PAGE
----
Maurice Platnauer, review of John Jackson, Marginalia Scaenica
(London: Oxford University Press, 1955), in Classical Review
6.2 (June, 1956) 112-115 (at 112):
The greater part of Jackson's life was spent not in the studious seclusion of a university but in a remote
village in the wilds of Cumberland, where he managed his mother's farm, his
reading and writing being of necessity done on his return from the day's work.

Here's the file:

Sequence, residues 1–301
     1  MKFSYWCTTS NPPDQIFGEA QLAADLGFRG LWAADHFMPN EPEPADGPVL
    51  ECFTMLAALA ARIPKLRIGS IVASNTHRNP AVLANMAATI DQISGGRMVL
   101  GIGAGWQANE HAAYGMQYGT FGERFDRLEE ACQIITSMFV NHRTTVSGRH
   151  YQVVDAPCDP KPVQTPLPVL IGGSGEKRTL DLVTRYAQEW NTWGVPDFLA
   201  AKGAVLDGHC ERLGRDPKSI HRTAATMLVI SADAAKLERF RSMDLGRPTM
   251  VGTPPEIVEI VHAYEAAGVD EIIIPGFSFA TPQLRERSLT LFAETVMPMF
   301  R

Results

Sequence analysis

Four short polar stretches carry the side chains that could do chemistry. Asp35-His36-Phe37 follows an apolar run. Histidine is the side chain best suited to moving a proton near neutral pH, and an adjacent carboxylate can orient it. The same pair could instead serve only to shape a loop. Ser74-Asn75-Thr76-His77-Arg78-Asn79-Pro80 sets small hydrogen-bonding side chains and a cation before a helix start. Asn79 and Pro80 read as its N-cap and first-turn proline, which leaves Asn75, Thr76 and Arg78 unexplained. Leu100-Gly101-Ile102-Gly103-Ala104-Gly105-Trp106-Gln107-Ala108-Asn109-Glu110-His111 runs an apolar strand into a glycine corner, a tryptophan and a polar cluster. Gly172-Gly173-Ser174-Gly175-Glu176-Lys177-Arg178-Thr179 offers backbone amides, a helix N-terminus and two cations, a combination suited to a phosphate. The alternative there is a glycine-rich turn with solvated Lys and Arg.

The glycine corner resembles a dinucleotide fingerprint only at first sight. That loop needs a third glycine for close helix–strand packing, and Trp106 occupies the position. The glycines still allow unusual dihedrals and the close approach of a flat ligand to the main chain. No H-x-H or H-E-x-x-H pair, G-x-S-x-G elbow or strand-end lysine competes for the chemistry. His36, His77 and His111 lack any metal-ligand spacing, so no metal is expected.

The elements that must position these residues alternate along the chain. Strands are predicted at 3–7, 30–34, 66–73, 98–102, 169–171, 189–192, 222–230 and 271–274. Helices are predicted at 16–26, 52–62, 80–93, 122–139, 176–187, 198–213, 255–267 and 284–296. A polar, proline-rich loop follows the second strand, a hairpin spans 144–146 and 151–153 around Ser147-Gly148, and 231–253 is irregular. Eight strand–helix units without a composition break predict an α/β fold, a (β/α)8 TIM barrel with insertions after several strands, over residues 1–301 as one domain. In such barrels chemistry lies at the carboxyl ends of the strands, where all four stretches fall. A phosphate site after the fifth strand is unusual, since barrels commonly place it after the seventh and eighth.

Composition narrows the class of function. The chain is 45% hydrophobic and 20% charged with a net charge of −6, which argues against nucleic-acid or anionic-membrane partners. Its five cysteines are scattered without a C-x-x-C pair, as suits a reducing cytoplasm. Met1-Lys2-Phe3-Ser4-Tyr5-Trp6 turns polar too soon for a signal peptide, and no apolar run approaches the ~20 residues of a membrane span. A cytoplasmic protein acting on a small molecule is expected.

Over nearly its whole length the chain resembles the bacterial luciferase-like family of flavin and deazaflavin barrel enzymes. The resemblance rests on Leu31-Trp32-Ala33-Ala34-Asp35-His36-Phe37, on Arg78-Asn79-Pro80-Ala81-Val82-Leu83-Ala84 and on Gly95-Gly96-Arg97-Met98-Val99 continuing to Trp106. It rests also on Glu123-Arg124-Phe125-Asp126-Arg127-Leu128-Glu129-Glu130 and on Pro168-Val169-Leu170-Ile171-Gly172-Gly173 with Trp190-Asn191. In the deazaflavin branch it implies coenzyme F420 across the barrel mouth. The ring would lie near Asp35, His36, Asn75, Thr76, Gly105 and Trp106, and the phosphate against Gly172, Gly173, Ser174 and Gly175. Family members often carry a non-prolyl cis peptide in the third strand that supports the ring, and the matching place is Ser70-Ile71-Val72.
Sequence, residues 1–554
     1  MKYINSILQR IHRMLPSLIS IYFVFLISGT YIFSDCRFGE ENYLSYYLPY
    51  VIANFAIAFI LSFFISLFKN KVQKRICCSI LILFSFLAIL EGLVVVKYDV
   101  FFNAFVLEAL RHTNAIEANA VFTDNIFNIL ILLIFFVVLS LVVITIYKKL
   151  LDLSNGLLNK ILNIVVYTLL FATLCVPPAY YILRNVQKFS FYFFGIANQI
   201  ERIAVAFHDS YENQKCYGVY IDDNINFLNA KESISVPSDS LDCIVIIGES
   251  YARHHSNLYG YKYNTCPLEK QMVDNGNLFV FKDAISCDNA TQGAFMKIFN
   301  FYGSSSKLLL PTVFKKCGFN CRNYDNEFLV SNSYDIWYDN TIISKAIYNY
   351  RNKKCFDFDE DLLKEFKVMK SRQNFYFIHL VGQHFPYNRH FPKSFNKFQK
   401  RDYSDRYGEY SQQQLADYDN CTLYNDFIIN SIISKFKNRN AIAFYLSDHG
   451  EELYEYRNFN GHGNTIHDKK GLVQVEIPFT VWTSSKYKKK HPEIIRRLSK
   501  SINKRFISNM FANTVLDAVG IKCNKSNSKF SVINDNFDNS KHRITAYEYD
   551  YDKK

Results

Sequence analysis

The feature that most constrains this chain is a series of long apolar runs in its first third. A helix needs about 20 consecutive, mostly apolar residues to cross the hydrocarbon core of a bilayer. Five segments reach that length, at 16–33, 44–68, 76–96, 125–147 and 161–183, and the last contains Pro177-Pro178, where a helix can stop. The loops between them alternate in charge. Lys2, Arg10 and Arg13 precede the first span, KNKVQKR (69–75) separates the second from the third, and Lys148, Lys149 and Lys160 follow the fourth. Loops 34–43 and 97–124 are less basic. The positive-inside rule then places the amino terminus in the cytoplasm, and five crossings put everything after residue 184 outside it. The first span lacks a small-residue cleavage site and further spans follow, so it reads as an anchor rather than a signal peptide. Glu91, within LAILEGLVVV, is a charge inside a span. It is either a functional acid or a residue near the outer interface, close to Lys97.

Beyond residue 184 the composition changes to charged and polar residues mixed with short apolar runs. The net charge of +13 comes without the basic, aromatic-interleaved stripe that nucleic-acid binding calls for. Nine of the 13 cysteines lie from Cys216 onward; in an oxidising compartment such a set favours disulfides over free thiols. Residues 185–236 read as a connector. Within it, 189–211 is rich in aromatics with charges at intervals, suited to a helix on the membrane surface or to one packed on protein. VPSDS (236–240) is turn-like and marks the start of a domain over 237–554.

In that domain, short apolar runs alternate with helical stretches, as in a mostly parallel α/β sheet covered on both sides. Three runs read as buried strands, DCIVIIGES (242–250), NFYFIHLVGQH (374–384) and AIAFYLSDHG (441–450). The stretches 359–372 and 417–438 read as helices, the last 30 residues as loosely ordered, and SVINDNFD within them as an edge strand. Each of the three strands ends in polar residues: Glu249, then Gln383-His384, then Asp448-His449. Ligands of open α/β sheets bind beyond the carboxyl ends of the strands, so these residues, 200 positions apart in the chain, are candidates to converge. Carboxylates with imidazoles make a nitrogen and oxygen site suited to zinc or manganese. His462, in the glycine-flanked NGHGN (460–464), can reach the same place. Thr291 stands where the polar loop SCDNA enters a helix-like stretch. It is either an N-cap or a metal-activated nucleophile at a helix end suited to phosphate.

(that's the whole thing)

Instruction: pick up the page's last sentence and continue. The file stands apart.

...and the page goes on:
He was further inhibited by having no public library to which to go for new
editions or books of reference, and by the fact that his own texts and commentaries
were neither very numerous nor always up to date; yet he has produced a collected
body of emendations the like of which, at least for brilliance
and ingenuity, has not seen the light of day since the publication of Madvig's
Adversaria and Cobet's Variae and Novae Lectiones more than a century ago.